In Canada at that time, couples who wished to divorce had to wait five years unless they proved adultery. Thus we both went off and lived our lives. By the time five years was up I had had two different boyfriends in Detroit and Phoenix. I moved back to Toronto to finish my BA and to get my divorce. That was the last time I saw Frank and I have no idea what has happened in his life since then.

Life with Frank was a lesson in being who I am and dealing with yet another man who thought I should be someone else.

The woman tinerci


Tonight I heard a man yelling and a woman yelling back. I thought it was a boyfriend and girlfriend arguing on the street, as I could not hear the words but I could certainly hear the tone of voice. The man was very angry with the woman. They came up to the corner and I then understood that it was not a lover’s tiff– it was the tinerci woman. She has been around for about eight years, which is pretty long for a glue sniffer. She comes and goes. She used to live in the garden of the pasaj down the street, but then the residents in the surrounding buildings had the gate locked so she could not get in. For a while she was sleeping somewhere else, but she is back. She sleeps near the closed gate, where she has her blankets, and uses the space as her toilet.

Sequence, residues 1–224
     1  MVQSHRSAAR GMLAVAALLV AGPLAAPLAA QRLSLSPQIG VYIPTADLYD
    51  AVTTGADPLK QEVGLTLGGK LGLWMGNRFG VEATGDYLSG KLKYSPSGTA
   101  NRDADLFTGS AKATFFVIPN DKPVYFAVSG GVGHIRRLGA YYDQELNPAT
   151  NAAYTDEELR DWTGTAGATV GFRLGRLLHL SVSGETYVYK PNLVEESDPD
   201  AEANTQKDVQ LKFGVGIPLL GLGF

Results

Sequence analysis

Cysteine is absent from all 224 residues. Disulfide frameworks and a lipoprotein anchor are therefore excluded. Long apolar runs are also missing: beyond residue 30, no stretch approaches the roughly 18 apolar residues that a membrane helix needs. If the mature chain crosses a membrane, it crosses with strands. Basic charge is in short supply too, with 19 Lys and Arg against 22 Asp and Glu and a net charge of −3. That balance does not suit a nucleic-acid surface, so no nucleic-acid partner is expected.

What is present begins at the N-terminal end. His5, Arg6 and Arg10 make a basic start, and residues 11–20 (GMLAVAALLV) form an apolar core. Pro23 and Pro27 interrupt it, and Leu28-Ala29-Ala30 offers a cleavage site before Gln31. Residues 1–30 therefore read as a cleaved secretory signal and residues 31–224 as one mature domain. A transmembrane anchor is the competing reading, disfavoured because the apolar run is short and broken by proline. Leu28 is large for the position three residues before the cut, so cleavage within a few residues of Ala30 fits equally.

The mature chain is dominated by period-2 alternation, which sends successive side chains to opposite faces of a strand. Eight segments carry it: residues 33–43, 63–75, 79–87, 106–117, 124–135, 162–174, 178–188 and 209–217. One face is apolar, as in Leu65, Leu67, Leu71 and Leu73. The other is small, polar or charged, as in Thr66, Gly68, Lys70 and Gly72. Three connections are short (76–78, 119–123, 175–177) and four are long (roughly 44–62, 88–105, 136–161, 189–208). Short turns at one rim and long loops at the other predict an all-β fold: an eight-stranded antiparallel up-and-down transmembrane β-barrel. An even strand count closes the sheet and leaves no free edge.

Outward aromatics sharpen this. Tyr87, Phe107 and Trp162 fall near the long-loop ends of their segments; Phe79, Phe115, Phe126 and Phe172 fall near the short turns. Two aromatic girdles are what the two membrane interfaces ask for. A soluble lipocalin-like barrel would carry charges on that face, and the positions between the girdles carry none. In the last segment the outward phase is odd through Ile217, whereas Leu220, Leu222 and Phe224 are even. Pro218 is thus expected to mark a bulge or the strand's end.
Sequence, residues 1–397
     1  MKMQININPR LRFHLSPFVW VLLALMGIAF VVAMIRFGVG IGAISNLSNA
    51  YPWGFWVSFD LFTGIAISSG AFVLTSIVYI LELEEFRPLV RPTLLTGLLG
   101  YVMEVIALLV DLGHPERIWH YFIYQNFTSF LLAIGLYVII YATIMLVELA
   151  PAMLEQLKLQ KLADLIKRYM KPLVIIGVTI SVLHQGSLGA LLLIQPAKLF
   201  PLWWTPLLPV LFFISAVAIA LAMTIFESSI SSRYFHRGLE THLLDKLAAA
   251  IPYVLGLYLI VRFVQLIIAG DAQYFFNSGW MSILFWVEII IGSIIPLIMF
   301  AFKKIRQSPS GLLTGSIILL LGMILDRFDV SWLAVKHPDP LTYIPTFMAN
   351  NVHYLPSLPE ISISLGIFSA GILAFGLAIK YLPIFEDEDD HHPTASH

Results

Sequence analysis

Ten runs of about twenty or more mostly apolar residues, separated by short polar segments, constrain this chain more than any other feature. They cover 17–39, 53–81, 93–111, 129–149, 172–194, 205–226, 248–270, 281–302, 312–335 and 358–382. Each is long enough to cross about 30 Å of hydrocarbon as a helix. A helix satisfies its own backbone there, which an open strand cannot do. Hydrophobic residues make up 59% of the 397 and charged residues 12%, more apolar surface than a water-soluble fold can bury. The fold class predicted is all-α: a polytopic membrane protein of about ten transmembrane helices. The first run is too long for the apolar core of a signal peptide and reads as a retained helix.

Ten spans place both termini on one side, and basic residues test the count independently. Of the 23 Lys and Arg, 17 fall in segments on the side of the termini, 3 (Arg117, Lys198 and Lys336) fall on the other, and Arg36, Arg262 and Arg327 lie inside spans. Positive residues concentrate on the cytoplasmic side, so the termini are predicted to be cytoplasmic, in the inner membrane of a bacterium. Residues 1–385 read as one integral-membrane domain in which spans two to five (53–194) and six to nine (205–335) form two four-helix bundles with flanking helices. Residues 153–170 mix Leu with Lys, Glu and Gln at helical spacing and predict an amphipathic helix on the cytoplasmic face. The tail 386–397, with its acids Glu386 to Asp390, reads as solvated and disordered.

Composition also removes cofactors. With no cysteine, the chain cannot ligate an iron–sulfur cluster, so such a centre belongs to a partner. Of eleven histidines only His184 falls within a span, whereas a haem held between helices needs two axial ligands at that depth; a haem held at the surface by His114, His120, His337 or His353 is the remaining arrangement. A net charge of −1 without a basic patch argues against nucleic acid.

Last year when she was camped there, a guy who had a shop nearby took pity on her and gave her the occasional tea or cigarettes. However, one day the tinerci woman attacked his girlfriend. They went to the police to complain, but the first police sent them to another police, who sent them to another police and in the end nothing happened. Now instead of being kind to her, he chases her off.


The man tonight was chasing her off too. I have no idea what she did, but he was one pissed off Turk. There are some workshops on that street and I suspect that she tried to go in or tried to steal something. He had a metal piece that he smacked on the wall to punctuate his words. He did not actually hit her but it was clear it crossed his mind. Nuri Bey, the tea guy, walked down from his place to try to calm things down until the man went back to his shop. However, the woman kept walking back down the street as if to taunt him. Finally things calmed down and she went mutteringly on her way.

galipdede corner